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You talked about the benefits of BigQuery over Redshift. You also support SnowFlake, which is a very exciting database. How do the three compare and are there use cases where Redshift or SnowFlake is a better choice than BigQuery?

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Hi @John,

I like this question, thanks for asking :slight_smile:

I’ve got at least some experience with all three, so I can give you a brief answer here. The below are obviously all opinions, I’d be interested to hear what other people’s perspectives are on the whole thing.

(E: I should add that I don’t consider myself an expert by any means, but I have a lot of experience with Redshift, a considerable amount with Snowflake, and some experience with BigQuery - but still learning on all three fronts. Please do add a comment to correct me if you notice anything in the below that isn’t quite right as Mike has done below).

How do the three compare

They’re totally different types of Database.


Redshift is a traditional relational database which chunks data into blocks, sorts via a SORTKEY and distributes via a DISTKEY under the hood. The dialect is very close to POSTGRESQL and so is familiar to most analysts who have turned their hands to relational SQL. A major drawback is that it requires manual work to maintain very high volume, and doesn’t support nested data. So you’re always trying to balance priorities across jobs to maintain order, writing SQL to produce efficient joins, and figuring ways around the headaches associated with volume.

If you’re a business who has a lot of back end systems, or a lot of ETL/modeling tasks which are written to a relational structure, or have consumers of the data who are used to relational structures, Redshift has advantages.


Snowflake is a different beast, but still ostensibly a type of relational database (As far as I understand it but maybe someone knows better than me). It utilises a set of cluster keys rather than sortkey/distribution and has a very smart auto-clustering algorithm. It supports nested data much better than Redshift. However, I’ve found that several (quite technical) people I’ve spoken to about it have struggled to wrap their heads around the concept of cluster keys and finding fields of the ideal cardinality to use - although you don’t need to manually set a cluster key unless your volumes are very high so that’s not too much of a problem.

It can be tricky to find efficient ways to query data in Snowflake if you need to both join and unnest data in the same queries. A final drawback is that I’ve come across the occasional bug - but there’s always been a workaround and the Snowflake team are super responsive and do release fixes on a decent turnaround so it’s not a major issue.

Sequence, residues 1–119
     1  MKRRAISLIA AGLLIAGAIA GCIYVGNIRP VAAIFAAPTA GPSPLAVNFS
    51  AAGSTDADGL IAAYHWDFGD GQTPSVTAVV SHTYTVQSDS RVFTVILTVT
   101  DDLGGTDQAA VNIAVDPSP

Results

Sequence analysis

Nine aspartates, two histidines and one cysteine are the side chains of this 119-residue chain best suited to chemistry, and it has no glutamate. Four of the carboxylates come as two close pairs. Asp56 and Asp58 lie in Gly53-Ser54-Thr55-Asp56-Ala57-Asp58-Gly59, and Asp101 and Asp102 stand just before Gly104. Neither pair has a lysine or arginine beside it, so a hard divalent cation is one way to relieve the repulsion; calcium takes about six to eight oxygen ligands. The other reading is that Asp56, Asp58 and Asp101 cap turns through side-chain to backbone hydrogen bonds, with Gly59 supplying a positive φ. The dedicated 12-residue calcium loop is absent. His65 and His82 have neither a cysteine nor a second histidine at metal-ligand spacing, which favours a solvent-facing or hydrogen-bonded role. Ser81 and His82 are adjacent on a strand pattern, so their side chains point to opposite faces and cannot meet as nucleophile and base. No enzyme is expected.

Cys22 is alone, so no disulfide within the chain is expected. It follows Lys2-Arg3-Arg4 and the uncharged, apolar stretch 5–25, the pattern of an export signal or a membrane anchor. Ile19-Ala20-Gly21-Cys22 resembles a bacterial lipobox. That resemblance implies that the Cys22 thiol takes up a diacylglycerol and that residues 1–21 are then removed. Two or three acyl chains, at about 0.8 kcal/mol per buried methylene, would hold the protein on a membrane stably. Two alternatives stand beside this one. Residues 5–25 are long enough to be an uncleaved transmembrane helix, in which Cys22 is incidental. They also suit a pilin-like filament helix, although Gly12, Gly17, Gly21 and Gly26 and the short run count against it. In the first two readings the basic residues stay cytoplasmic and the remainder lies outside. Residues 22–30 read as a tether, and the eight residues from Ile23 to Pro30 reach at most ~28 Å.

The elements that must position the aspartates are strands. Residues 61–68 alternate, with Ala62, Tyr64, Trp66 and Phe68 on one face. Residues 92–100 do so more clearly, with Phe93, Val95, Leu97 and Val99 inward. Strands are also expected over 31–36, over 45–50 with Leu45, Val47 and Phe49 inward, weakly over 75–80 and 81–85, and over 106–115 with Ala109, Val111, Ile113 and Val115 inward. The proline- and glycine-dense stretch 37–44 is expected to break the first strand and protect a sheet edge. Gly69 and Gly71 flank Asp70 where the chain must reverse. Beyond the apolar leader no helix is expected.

The major advantage of Snowflake over Redshift is that you don’t have to choose between compute and storage nodes, as they’re billed separately - and you can scale each according to your requirements. So choose a warehouse size that lines up well with your task and you’re on your way.


BigQuery isn’t so similar a relational database in the traditional sense. I think of it more a datalake with a query syntax on top - a bit like AWS’s Athena, in that the data is stored under the hood in ColumnIO format, and partitions & sharding rather than cluster keys/distribution keys/sort keys do the work of data distribution as far as I understand it. The pricing model is different too - you get charged for the amount of data scanned (with a 1TB/month free allowance).

Querying BQ is super super fast and it handles massive datasets really well. But it can’t do some things that other databases can - if you’re SELECTing a lot of data then ordering that data can cause an out of memory issue in my experience (or similar, can’t remeber the specific error message). If you normally need to run window functions over large datasets then you’re going to have to get pretty creative about it (A similar issue has cropped up in running certain types of window function, at least). Plus, you better have done a good job of deciding upon your partition key and getting your partition/sharding strategy right, because the in-built pseudo-partitions don’t always limit scans (and therefore don’t limit your bill). Also only Javascript UDFs are compatible at this point, which is annoying for some (I don’t really mind that tbh).

But I can’t stress enough how unbelievably impressive BQ is on performance - it’s a monster for performance in a good way. And the BQ UI and GCP ecosystem plays very nicely together - AWS have lot of products, Google have seamlessly integrated products. BQ supports querying external data sources (eg. CloudStorage) either as Native tables (implicit load to BQ, which is free if coming from CloudStorage), or External tables (can update live). And DataStudio is an amazing visualisation tool, which has its obvious advantages.

This is turning into an essay so I’ll leave the above stream-of-consciousness synopsis where it is. I think the above addresses your second question, but to quickly summarise the answer directly: